Everton manager David Moyes may be back in front of Football Association disciplinary bosses early than he anticipated after labelling officials at Soho Square as ''a law unto themselves''.
Moyes was fined £5,000 earlier this week after admitting his outburst at referee Alan Wiley during Everton's 3-2 win at Stoke City back in September amounted to improper conduct.
Wiley sent the Everton boss to the stands at the Britannia Stadium after he berated the official for refusing to award a penalty and although the fine came with a warning about future conduct, Moyes was still happy to publicly express his opinions on the FA's judgement, complaining disappointment at being fined was compounded by the fact the FA panel actually agreed with him that the decision leading to his dismissal had been a terrible one.
''I pleaded guilty in my situation but the panel agreed the referee was wrong and that I shouldn't have been sent off for the decision but I still got found guilty so there you go,'' he said.
''Do I think that the fine was right? I don't think it was right, no, because I wouldn't have been sent off but for the decision which the referee made in the box and the board agreed that the referee made a poor decision.
''But I still get sent off and fined for it so there is something not right. Two wrongs don't make a right and I think that's what they tried to do there. They are a law unto themselves aren't they?. They make their own rules, they bring their own people in on the panels and make their own decisions so it is very difficult.''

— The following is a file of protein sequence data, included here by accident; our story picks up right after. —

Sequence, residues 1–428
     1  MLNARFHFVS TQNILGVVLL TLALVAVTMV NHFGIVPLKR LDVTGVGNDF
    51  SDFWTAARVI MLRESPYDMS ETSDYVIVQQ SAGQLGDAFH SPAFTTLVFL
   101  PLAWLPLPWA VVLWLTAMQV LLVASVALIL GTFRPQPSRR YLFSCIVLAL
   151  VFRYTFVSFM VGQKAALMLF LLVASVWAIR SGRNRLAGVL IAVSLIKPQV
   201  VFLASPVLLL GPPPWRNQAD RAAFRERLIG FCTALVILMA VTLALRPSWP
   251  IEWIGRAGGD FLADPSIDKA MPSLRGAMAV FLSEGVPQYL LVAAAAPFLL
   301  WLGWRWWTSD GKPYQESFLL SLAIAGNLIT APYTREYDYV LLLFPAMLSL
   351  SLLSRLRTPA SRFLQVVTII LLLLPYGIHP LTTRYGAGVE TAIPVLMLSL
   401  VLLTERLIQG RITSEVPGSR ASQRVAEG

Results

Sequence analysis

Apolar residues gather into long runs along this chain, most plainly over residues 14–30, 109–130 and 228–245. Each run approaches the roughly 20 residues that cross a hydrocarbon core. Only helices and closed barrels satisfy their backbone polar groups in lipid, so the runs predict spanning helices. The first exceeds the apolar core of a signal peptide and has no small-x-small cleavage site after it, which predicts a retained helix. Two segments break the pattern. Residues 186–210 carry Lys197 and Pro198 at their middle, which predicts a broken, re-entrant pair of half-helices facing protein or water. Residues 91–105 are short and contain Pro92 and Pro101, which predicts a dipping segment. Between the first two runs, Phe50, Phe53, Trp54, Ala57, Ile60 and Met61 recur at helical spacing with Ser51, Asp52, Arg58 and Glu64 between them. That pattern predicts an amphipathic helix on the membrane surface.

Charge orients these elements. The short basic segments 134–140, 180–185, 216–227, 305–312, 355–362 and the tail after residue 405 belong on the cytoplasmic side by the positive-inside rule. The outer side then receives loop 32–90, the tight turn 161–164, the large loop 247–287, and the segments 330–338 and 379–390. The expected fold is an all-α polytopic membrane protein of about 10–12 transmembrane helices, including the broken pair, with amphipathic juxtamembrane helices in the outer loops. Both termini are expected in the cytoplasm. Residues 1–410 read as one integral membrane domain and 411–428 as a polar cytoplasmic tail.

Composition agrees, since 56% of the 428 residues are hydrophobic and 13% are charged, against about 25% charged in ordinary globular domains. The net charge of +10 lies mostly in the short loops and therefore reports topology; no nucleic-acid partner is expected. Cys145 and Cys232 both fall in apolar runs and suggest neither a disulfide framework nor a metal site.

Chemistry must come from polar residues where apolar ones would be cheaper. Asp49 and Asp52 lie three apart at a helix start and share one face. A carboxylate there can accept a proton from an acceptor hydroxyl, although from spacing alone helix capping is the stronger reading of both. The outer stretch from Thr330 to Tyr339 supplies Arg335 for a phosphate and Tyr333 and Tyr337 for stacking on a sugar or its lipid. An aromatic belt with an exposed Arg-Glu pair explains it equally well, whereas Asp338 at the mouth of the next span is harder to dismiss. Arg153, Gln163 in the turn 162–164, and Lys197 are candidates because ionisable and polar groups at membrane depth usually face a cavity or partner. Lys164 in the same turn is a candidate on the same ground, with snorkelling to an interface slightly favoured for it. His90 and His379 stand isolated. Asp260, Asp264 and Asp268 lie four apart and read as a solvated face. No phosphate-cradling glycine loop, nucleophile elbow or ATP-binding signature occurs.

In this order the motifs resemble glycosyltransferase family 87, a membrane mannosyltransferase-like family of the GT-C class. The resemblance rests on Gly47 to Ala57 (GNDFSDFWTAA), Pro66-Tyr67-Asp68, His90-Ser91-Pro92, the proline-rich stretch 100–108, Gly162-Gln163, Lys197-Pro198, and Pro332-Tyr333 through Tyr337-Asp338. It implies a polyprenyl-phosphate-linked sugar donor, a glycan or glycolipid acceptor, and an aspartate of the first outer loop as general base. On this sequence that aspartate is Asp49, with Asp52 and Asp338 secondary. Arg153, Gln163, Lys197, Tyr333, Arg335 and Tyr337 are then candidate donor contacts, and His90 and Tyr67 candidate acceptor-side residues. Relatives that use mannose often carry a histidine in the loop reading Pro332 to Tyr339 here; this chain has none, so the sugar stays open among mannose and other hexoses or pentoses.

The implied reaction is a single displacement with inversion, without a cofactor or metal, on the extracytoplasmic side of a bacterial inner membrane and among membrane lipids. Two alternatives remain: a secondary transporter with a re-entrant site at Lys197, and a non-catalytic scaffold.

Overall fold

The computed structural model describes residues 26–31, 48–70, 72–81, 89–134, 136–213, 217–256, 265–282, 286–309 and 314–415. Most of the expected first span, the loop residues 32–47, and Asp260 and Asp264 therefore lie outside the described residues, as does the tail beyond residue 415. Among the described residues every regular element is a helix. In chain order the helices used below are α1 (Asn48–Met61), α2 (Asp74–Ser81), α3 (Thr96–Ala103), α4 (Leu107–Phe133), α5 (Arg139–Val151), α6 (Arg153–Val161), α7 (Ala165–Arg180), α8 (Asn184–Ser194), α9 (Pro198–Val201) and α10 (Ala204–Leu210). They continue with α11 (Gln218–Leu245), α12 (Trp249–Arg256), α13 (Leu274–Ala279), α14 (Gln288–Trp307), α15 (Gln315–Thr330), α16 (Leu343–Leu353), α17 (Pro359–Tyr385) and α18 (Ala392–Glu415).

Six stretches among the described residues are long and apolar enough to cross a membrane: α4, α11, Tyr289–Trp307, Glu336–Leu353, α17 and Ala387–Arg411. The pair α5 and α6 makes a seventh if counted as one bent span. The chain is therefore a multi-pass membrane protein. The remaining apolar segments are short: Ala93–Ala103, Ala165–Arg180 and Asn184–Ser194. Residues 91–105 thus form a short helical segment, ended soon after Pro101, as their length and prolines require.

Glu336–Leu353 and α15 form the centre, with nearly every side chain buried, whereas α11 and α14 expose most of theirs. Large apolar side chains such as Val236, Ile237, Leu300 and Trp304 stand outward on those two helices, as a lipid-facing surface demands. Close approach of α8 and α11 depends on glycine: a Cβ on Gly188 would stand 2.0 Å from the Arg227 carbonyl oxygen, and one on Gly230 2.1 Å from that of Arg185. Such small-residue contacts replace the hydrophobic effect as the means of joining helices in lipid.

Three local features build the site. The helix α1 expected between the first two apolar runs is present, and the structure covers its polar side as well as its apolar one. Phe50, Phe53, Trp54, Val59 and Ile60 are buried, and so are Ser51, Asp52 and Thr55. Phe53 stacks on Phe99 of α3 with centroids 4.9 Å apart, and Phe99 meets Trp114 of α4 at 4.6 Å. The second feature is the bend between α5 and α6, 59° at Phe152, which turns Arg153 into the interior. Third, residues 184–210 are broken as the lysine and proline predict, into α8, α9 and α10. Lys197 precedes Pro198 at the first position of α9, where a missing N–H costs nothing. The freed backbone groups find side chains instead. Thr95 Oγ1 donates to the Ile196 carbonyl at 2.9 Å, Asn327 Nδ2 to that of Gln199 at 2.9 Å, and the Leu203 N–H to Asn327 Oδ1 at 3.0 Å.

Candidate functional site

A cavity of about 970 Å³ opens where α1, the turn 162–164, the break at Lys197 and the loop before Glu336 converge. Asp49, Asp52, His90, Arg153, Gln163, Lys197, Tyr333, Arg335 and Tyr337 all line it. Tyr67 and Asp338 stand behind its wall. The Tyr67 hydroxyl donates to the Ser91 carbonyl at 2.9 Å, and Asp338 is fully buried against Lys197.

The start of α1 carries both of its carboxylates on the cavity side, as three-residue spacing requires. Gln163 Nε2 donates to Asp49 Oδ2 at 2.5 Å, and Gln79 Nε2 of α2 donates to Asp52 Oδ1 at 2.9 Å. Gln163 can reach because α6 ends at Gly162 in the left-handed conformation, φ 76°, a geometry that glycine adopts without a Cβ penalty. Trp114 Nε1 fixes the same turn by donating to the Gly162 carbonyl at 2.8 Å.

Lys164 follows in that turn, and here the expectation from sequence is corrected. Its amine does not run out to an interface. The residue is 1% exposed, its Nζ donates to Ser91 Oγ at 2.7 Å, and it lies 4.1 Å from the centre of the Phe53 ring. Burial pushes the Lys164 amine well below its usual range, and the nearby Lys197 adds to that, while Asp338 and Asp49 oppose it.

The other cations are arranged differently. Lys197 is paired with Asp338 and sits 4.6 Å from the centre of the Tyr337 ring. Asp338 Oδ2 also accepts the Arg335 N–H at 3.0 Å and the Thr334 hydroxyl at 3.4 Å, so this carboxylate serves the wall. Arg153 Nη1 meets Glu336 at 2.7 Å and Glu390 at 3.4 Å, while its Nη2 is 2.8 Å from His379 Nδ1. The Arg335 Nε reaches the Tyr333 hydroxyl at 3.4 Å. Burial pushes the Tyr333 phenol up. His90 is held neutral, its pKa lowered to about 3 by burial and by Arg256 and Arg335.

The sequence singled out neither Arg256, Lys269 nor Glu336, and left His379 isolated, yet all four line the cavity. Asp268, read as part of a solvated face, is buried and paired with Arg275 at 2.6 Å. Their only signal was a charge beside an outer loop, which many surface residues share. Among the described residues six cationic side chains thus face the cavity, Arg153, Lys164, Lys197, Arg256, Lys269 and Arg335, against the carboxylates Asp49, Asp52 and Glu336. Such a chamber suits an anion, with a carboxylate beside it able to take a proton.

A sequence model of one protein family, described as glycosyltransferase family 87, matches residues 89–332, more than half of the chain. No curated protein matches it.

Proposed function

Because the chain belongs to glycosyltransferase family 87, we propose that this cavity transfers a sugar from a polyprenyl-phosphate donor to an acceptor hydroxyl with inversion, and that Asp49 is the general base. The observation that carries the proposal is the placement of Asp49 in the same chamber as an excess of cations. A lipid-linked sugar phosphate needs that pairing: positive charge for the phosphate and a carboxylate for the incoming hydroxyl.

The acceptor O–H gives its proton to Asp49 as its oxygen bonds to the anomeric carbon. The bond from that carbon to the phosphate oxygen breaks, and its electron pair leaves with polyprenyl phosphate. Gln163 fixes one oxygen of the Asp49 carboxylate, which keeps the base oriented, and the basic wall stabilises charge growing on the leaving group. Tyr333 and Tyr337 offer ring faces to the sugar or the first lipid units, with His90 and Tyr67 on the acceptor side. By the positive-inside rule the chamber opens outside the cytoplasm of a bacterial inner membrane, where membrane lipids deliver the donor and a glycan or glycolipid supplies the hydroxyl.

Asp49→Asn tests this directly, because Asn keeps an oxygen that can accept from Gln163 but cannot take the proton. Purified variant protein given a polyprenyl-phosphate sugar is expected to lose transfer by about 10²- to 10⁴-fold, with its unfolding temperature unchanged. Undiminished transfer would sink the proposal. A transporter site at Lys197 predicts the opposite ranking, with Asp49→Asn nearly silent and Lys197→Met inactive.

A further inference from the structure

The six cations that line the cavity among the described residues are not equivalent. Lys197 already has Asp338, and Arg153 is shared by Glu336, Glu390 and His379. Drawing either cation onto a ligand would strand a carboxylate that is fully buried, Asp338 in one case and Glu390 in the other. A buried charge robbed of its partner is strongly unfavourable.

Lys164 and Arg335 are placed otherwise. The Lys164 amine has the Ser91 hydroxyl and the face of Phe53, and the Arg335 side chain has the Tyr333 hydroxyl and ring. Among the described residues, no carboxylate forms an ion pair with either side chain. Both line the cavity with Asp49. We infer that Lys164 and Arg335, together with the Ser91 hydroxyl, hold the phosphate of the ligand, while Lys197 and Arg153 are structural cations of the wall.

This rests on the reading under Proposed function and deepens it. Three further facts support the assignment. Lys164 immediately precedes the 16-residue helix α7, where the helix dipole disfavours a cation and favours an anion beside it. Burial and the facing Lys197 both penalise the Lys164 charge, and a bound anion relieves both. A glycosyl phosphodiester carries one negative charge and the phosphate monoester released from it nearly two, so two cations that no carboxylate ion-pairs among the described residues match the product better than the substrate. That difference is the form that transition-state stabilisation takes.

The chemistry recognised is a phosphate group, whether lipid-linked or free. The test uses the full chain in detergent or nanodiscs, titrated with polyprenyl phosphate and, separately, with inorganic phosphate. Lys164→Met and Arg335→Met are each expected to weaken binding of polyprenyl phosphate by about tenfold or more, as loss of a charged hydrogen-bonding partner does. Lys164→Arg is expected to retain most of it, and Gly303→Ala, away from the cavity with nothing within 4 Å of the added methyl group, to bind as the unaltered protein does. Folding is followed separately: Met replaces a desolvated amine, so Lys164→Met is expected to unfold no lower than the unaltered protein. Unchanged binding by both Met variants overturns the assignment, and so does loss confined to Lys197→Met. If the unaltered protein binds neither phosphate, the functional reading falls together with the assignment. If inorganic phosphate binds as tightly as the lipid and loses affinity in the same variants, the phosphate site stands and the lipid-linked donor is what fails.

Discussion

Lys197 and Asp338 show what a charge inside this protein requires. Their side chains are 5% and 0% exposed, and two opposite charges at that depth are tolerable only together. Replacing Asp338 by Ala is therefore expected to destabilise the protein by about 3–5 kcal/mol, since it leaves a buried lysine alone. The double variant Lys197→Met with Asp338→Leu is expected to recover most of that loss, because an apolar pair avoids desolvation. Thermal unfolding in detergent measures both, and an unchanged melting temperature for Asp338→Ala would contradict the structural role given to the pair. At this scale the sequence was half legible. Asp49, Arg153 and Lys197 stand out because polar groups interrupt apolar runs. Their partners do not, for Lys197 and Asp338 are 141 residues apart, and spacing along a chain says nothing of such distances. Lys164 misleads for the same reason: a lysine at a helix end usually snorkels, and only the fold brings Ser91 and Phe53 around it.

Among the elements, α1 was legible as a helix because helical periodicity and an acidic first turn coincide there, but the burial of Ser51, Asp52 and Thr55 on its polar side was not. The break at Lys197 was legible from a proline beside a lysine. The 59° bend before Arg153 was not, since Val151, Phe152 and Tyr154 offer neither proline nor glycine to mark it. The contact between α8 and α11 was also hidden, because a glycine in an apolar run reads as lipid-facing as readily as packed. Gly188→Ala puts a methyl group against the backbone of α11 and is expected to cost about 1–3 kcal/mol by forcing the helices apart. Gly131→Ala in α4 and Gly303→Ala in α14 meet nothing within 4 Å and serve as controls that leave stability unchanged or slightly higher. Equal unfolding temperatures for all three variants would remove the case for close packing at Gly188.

Surprisingly, the Scot believes the Respect campaign launched pre-season to cut down on the amount of verbal abuse aimed at referees is working well on the ground but his admiration for the project does not extend as far as the FA itself.
Moyes also insists his temperament on the touchline will not change because of the FA's action and that he will continue to do what is best for Everton - even if that prompts more action from disciplinary chiefs.
''I shouldn't have been sent off but if they think I am going to sit back and twiddle my thumbs and not be passionate for my team and my supporters then I'm sorry but that's not going to be me,'' he added.
''I am going to be that. I think there is a lot of respect going on at this moment in time between the players and managers and referees and that is good but I would like to see some more of that from the FA as well. We are finding that their rules are very hard for people in the game to respect.''